The First Payphone Was Located In?
Answer: Hartford, Connecticut
Connecticut was home to not one, but two early telephone innovations. Long before payphones existed, the first “pay stations” were established by The Connecticut Telephone Company. As early as the 1880s, they had stations set up where you could make a phone call and pay the attendant at the station for the pleasure of using the telephone.
Later, in 1889, the Southern New England Telephone Company installed the first payphone at the Hartford Bank in Hartford, Connecticut. While the general premise wasn’t far removed from modern payphones, the main design feature would be quite a curiosity to a modern person: the phones were “post-pay”. The design, created by William Gray, hinged quite a bit on the user’s honesty. You made the phone call and then, after a successful call and a chat with your call recipient, you deposited coins into the machine to pay for the experience. Perhaps folks back then were a bit more ethical (or perhaps the location of the phone inside a bank made people more inclined to follow the rules).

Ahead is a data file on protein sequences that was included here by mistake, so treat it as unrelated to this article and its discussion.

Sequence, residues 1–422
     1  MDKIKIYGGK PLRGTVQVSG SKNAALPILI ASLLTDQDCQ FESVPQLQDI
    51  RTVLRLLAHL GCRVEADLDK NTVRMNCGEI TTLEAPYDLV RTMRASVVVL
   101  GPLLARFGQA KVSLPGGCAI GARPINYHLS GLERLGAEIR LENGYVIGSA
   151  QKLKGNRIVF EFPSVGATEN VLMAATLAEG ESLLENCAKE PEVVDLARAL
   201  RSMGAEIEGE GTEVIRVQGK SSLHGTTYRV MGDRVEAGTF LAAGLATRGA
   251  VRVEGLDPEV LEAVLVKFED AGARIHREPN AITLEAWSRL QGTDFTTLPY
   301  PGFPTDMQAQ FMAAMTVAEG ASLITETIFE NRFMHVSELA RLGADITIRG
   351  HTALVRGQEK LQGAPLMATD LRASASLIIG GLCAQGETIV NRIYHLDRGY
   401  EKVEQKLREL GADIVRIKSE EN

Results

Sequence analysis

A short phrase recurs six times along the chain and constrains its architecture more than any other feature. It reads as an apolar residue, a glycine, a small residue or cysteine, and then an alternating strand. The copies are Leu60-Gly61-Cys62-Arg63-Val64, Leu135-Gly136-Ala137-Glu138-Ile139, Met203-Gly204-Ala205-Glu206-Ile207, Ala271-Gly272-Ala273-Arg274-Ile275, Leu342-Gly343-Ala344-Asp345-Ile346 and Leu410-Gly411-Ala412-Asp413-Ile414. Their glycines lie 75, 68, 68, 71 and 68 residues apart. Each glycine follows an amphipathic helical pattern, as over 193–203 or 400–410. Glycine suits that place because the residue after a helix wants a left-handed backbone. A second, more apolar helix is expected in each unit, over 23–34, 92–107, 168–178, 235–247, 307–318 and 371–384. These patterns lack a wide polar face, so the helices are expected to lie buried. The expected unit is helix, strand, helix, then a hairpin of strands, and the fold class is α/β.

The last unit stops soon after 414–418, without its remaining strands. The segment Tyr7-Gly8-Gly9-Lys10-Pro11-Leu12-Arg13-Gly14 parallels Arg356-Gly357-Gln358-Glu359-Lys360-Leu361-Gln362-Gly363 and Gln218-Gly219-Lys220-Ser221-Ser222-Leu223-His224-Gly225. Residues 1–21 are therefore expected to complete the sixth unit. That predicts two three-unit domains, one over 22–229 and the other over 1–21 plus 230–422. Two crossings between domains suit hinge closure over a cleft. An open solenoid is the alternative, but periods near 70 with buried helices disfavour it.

At any rate, the post-pay model didn’t last very long and by 1891, William Gray had invented and received a patent for a replacement model that (more sensibly, if you ask us) required the user to deposit their coins first to engage the phone and make their call. The design rang bells as the coins were deposited, signaling to the operator that the customer had paid and the call should be completed (the first “pre-pay” model debuted in Chicago in 1898).
Although phone technology would improve over time and payphones went from a few dozen in number to ubiquitous features of the 20th century urban landscape, the core design—deposited coins create a signal sent to the telephone switchboard—was merely refined, but never changed.
Image courtesy of HanYoung/Weebly.